Miami's startled elite wish the guru, in short, a pleasant stay
By Barry Bearak
MIAMI - Some residents of quiet, regal Rivo Alto Island off Miami Beach thought their neighborhood was headed for a nightmare.
First came the kids - seemingly dozens of them - hammering and sawing on a $500,000 waterfront house with little let-up for three days. Cars, few looking as if they belonged in the elegant neighborhood, lined the street.
THEN CAME the real scare. The refurbishing, they were told, was for the comforts of Guru Maharaj Ji, the 19-year-old spiritual leader of the Divine Light Mission. And the Rivo Alto folks feared their block was about to become a temple for an exotic religious cult, a lure to the curious.
"They turned our neighborhood upside down," one resident grumbled. "We were expecting masses of weirdos to descend on us," remarked another.
But by Wednesday morning the panic had wilted. The house, painted white as cottage cheese, was restored and shining. The guru had arrived, guards were at the gate, peace soaked the air. And, best news to the neighbors, a real estate agent assured them that the place was rented for only 10 days.
"The house was too dirty; it had to be cleaned and repaired," said Joe Anctil, the guru's press secretary. "If Jesus was here, think what people would do for him."
Maharaj Ji, who claims to have four million followers worldwide, has summoned devotees to Miami Beach for a holy festival. Already, hotel lobbies are crowded with bliss-blitzed "premies" (lovers of God). About 12,000 are expected to give "satsang" (share their truth) Friday through Sunday in closed sessions at the Miami Beach Convention Center.
ACCORDING TO Anctil and Mission President Bill Patterson, they represent a church rather than a religion. Maharaj Ji, they say, has the power to awake an awareness of God in people, a light within, the path to peace through meditation.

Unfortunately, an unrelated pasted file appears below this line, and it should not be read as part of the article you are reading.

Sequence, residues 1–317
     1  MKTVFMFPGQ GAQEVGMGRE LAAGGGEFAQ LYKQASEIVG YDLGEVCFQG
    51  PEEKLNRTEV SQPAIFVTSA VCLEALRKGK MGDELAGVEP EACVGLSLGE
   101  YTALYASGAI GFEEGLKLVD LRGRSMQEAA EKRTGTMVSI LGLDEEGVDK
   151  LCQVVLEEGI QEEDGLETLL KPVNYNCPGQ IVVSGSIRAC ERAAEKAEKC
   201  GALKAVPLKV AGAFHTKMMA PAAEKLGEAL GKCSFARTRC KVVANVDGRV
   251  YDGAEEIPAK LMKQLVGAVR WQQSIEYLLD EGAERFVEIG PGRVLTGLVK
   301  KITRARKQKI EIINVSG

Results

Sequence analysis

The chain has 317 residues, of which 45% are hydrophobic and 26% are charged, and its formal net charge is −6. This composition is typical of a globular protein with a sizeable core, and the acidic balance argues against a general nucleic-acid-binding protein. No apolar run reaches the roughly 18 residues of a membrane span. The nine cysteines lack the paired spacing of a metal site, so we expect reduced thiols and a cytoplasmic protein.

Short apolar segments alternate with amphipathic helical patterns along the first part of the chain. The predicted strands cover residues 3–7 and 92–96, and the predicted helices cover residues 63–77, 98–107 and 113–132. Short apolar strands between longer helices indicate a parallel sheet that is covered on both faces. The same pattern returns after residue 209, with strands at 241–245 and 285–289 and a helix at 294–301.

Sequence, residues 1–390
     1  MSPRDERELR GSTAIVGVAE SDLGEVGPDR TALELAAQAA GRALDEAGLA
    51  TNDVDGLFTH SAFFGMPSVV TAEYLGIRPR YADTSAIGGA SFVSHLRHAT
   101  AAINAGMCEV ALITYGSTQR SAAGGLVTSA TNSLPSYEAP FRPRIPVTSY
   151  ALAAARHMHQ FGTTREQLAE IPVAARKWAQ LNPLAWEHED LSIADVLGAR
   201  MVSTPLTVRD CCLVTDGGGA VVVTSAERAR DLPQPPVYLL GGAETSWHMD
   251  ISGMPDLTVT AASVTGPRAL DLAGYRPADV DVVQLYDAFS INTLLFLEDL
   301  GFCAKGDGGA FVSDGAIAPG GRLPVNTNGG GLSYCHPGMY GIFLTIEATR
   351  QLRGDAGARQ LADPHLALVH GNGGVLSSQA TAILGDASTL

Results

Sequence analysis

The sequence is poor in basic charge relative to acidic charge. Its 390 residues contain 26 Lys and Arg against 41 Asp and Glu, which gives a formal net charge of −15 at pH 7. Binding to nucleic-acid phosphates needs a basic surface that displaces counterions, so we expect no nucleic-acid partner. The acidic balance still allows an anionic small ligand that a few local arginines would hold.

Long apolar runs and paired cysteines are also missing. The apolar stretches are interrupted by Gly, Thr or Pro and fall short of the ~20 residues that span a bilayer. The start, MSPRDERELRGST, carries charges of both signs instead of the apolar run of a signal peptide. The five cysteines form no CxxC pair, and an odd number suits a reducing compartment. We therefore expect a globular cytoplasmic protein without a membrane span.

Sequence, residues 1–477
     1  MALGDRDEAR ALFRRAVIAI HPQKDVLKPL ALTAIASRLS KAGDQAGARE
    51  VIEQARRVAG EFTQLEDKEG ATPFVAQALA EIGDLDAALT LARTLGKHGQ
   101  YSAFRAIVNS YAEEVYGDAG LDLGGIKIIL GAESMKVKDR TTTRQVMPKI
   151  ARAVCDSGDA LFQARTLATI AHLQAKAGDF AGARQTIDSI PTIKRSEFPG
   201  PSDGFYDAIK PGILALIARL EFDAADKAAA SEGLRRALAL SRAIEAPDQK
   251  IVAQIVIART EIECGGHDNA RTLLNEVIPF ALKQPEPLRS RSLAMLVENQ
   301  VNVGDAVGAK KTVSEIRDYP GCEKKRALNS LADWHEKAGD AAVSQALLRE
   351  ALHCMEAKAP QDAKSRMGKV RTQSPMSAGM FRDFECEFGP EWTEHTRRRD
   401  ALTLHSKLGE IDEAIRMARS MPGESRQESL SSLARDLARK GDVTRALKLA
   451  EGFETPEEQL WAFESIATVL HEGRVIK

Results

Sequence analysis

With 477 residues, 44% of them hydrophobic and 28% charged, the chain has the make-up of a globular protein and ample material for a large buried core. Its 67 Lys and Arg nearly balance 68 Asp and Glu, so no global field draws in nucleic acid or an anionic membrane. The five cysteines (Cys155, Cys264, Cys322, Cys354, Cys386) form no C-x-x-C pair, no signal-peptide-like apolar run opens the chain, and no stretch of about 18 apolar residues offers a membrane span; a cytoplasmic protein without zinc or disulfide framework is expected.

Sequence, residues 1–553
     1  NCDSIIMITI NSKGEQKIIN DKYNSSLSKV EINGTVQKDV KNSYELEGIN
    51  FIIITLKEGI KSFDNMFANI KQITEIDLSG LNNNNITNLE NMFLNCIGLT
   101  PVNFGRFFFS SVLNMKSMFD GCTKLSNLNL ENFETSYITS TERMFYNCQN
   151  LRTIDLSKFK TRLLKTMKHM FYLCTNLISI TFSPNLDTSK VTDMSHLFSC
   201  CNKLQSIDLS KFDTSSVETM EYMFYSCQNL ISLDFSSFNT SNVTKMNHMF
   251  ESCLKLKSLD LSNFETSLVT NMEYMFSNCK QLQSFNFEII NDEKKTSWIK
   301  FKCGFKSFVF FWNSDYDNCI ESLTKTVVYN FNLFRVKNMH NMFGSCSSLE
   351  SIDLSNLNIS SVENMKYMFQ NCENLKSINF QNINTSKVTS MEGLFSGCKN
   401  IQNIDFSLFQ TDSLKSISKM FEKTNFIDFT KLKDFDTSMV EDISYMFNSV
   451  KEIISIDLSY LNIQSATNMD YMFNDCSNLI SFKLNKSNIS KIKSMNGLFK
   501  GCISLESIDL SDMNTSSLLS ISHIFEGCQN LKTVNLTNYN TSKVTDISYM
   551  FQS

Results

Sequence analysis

The guru, his wife, two children, brother, sister-in-law and small staff are lodged in the palm-tree sheltered house.
Anctil says the house normally rents for $10,000 for 10 days. The guru got it, however, for $3,500 after mission members promised to make renovations.
Realtor Paul Wimbish won't confirm or deny the price. But he admits that the five-bedroom house does rent at an "exorbitant" cost on the short-term market. The house, he says, once belonged to the Farkas family that owns Alexander's Department Stores in New York and Jake Arvey, a long-time power in Chicago's Democratic party. "He's been renting it to rock 'n' roll stars," Anctil says. "The carpet was stained with wine, liquor, you name it. The living room was a party room. Its rug - an off-white - was almost black. We shampooed it and shampooed it and the stains wouldn't come out."
SO PREMIES put in a new carpet, Anctil says. And they painted some rooms, hung wallpaper, put a shade over the pool, fixed the water pressure, cleaned the drapes, washed everything, trimmed the lawn and shrubs, and brought in a bigger bed for Maharaj Ji. The cost: about $2,000.
"Those kids were industrious, and obviously fine craftsmen," said a neighbor. "And they were exceedingly kind and gentle."
Still, it was a relief to see them leave and Maharaj Ji arrive. The guru, who was born in India but now lives primarily in Denver, demands his privacy. He rarely talks to the press, seldom goes out, sees only his closest followers.
It's peaceful again on Rivo Alto.